Black History Month 2022
Racism is not just a social justice issue; historically, it has also cast a long economic shadow. Following the Civil War, the Reconstruction Act of 1865 helped transition newly freed Black Americans from enslavement into members of the United States economic system. The Freedman’s Savings and Trust Company was established for formerly enslaved Black American workers and Black Union soldiers and managed entirely by the Federal government. The original charter stipulated that deposits would only be invested in government-backed securities to forestall discrimination by the banking industry and aid Black Americans in building wealth. With its headquarters in Washington DC, the Freedman’s Savings and Trust Company had 37 branches throughout the South, servicing over 100,000 Black American customers.
The economic and civil rights policies of the Reconstruction Act were foundational in providing reparative justice for the sins of slavery. However, it was met with great resistance. Racial terror events such as the Camilla and Opelousas Massacres undermined progress. The Freedman’s Savings and Trust had several years of success before failing in 1874. An all-White male board modified its charter, ending the requirement of investing in government-backed securities and shifting investments towards risky railroad stocks that eventually went bankrupt. Approximately 60,000 customers collectively lost $3 million dollars ($62.8 million in today’s currency). Frederick Douglass wrote that the collapse of the Freedman’s Bank was equivalent to “adding another 10 years of slavery for the Negro Man.” A few years later, the “Great Compromise of 1877”, ended Reconstruction and the Jim Crow era was ushered in. As devastating as this wealth-stripping event was for Black Americans, sadly, it was only the first of many.
Lest we relegate racism to the impact it has on the Black population, it is vital to assess the great cost it exerts on the overall US economy. A virtual event by all 12 district banks of the Federal Reserve Systems called, “Racism and the Economy- Focus on Financial Services” concluded that the racial wealth gap and economic exclusion of Black Americans cost the US economy approximately $30 Trillion of GDP over the last 30 years.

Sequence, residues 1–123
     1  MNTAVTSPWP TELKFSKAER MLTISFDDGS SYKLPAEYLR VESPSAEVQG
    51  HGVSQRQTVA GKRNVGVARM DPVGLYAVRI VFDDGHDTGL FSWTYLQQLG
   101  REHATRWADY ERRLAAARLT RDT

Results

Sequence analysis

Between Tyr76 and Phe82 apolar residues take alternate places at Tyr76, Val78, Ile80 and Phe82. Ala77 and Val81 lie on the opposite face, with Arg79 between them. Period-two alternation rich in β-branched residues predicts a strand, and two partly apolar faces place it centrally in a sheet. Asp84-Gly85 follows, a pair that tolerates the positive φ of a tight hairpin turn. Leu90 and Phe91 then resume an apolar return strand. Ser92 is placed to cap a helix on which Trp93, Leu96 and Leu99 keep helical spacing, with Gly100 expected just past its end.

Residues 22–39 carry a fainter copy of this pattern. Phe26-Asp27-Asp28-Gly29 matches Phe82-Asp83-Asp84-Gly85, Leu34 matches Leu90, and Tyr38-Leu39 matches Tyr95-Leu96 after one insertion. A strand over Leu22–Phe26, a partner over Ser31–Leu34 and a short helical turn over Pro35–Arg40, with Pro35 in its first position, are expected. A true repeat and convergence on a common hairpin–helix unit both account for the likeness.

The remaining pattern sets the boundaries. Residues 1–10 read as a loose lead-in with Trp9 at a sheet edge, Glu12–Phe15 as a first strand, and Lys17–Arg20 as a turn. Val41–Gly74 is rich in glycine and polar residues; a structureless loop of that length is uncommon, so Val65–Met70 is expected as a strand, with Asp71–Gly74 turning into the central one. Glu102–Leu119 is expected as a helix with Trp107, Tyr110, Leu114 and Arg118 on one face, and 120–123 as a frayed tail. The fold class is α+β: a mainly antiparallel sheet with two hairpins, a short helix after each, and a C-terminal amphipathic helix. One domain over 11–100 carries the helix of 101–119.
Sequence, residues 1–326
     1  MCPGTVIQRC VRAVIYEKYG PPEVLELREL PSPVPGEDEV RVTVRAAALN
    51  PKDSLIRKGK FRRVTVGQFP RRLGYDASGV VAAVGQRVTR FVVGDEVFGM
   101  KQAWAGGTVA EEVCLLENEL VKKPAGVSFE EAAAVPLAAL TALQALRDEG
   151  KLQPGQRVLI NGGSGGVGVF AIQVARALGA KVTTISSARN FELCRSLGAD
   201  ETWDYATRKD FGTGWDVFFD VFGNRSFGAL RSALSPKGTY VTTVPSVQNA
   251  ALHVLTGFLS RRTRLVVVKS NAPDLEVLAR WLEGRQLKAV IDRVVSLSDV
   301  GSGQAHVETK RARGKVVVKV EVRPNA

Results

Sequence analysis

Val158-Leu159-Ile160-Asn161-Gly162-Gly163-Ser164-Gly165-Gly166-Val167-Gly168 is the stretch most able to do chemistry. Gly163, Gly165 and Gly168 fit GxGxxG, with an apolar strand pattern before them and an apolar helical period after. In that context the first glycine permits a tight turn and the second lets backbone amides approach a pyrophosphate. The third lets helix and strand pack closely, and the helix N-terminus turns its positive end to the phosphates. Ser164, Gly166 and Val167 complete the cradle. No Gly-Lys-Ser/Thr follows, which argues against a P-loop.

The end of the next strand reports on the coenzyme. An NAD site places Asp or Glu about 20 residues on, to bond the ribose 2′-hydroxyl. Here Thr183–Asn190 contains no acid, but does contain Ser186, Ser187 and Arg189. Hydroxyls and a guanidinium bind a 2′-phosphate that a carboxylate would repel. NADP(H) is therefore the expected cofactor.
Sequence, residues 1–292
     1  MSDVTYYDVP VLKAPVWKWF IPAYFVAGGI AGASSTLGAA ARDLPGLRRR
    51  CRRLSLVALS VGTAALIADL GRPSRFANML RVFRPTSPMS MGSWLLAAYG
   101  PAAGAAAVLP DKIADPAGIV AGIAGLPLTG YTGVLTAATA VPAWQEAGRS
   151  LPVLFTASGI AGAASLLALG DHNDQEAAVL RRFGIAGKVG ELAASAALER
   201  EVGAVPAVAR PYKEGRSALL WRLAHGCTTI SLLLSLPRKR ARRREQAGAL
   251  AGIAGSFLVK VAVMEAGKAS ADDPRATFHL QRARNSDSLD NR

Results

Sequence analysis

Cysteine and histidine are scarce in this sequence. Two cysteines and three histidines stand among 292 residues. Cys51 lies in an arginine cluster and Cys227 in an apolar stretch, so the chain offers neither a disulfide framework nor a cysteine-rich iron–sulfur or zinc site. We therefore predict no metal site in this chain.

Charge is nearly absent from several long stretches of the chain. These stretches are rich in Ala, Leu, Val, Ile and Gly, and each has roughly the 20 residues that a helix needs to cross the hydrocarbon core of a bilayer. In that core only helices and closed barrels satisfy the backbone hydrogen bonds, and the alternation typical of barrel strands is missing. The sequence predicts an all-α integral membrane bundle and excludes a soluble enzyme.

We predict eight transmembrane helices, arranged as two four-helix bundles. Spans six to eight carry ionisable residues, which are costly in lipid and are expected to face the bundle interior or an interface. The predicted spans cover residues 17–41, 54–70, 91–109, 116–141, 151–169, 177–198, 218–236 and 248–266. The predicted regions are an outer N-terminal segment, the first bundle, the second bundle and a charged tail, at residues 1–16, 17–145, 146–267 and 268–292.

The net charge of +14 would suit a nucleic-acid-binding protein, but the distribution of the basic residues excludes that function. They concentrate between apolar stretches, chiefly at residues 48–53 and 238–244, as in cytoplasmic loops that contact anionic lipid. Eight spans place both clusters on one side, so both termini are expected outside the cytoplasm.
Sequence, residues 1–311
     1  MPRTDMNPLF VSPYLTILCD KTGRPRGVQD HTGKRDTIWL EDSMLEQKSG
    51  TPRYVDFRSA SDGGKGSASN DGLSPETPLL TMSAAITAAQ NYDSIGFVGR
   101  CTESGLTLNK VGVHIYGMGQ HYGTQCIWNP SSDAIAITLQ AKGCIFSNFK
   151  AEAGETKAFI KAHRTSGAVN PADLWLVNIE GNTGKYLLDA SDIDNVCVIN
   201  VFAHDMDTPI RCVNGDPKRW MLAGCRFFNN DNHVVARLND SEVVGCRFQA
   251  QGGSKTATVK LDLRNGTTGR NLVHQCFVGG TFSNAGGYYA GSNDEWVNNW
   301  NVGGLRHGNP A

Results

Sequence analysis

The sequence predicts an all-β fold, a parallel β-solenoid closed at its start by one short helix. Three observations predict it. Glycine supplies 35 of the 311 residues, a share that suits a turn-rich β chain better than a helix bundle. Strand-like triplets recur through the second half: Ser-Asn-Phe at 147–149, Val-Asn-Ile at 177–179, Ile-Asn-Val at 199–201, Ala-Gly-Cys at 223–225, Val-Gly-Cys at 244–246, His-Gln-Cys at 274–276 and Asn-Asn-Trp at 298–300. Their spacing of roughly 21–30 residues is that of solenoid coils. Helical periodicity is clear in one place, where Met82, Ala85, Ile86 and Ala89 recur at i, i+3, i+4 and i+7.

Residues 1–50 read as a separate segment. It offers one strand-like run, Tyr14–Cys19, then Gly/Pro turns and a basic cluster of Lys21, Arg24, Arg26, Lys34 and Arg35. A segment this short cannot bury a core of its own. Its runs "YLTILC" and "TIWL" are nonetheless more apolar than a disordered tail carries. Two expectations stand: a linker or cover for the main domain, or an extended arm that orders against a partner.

Some sobering facts: in 2022, Black Americans make up 13% of the US population, yet hold less than 3% of our nation’s total wealth (this figure includes Black Billionaires such as Jay Z, Robert Smith, CEO of Vista Partners, and Oprah Winfrey). The median household wealth of White households is approximately $171,000 as compared to $17,600 for Black households, and according to the Economic Policy Institute, a disproportionate rate of Black households have zero to negative net worth. Black Americans are subject to higher interest rates when buying a home and research from the Brookings Institute found that Black homeowners have lost $156 billion in value as result of racial bias in home appraisals and mortgage rates. The legacy of “Redlining” continues to be perpetuated within the banking industry.
A recent report by the Financial Health Network indicated that the disproportionate rate of extractive fees and rates levied at Black and low income customers has been subsidizing lower to no-fee financing products and services for white and/or affluent customers. A 2021 Mckinsey and Co. report, “The Economic State of Black America: What is and What Could Be”, highlights racial disparities for Black Americans within the job market. COVID uncovered significant disparate treatment of Black workers, many of whom are concentrated in frontline jobs; Black workers and their families were disproportionately devastated by the pandemic due to rampant job loss, inadequate access to healthcare, and scarce options for remote work. And let us not forget that all of this devastation is taking place against the backdrop of booming capital markets and robust corporate bail out packages for many industries.